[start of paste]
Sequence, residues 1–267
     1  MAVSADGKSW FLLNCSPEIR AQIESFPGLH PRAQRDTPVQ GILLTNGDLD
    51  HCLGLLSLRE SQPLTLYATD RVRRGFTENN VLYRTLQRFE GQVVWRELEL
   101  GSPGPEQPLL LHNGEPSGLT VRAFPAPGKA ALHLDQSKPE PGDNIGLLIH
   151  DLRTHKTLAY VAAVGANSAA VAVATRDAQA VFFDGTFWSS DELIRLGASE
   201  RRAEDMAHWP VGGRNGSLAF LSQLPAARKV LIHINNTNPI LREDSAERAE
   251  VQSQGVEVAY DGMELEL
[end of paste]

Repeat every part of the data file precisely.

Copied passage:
Sequence, residues 1–267
     1  MAVSADGKSW FLLNCSPEIR AQIESFPGLH PRAQRDTPVQ GILLTNGDLD
    51  HCLGLLSLRE SQPLTLYATD RVRRGFTENN VLYRTLQRFE GQVVWRELEL
   101  GSPGPEQPLL LHNGEPSGLT VRAFPAPGKA ALHLDQSKPE PGDNIGLLIH
   151  DLRTHKTLAY VAAVGANSAA VAVATRDAQA VFFDGTFWSS DELIRLGASE
   201  RRAEDMAHWP VGGRNGSLAF LSQLPAARKV LIHINNTNPI LREDSAERAE
   251  VQSQGVEVAY DGMELEL